pathology of film

From: Tom B Whiteside (email suppressed)
Date: Sun Jun 11 2006 - 10:14:41 PDT

David's idea below brings to mind an older one, forgive me for not having
the correct information on this but I'm sure someone can come up with the
title and artist. At the London Filmmakers Coop many years ago a woman ran
a long 16mm loop from the projector through a sewing machine and back
through the projector. (Was it clear leader? I think so. That would have
made it delightfully inclusive.) Of course the sewing machine punched
holes in the film, which got caught in the gate, which ripped the film,
which brought the whole thing to a halt. The event could not have lasted
very long, but the idea lingers. This has recently been a major theme in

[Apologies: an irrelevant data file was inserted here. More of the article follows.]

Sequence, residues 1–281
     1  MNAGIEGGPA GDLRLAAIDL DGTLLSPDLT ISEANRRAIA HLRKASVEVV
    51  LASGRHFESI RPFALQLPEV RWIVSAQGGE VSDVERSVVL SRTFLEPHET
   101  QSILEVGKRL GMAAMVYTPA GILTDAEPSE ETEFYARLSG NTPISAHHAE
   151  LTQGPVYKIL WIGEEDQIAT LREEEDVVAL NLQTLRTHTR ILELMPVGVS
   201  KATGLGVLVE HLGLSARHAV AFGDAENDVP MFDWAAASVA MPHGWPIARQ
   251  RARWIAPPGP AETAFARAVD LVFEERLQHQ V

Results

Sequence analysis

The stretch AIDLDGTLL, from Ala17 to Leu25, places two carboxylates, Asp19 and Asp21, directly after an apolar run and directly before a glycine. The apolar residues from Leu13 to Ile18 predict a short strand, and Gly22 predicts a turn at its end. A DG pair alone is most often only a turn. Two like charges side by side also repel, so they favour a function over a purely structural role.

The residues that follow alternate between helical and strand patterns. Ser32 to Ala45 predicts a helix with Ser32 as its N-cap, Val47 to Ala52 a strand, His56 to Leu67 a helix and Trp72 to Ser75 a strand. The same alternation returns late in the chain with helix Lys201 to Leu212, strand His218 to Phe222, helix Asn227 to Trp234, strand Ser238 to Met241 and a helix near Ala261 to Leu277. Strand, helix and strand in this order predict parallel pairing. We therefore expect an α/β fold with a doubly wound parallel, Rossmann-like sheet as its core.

experimental film and has shown up in any number of films and programs the
last decade, the degradation of emulsion and base, the fragility of film
stock over time, etc. The ephemeral nature of the medium has long been
worked by artists, even decades ago when it seemed that it might last

This is only going to last a while . . . (longer) . . . We are living in
the era of "a while . . . (longer) . . . " That's the pathology of film.

The choice of sewing maching was deliberate, as the connection has been
there since the late 19th century when Louis Lumiere borrowed a mechanical
movement from a sewing machine to make the Cinematographe. I realize that
David's idea - to let distribution and exhibition do the (destructive)
work - is different, but it is interesting how these ideas keep surfacing.


>Now there's a conceptual art /experimental film project: create a work in
>16mm designed to be destroyed over time by bad projection and inept
>splicing. The work would not be 'finished' until a certain extreme degree
>of random deterioration had occured over a number of years -- also

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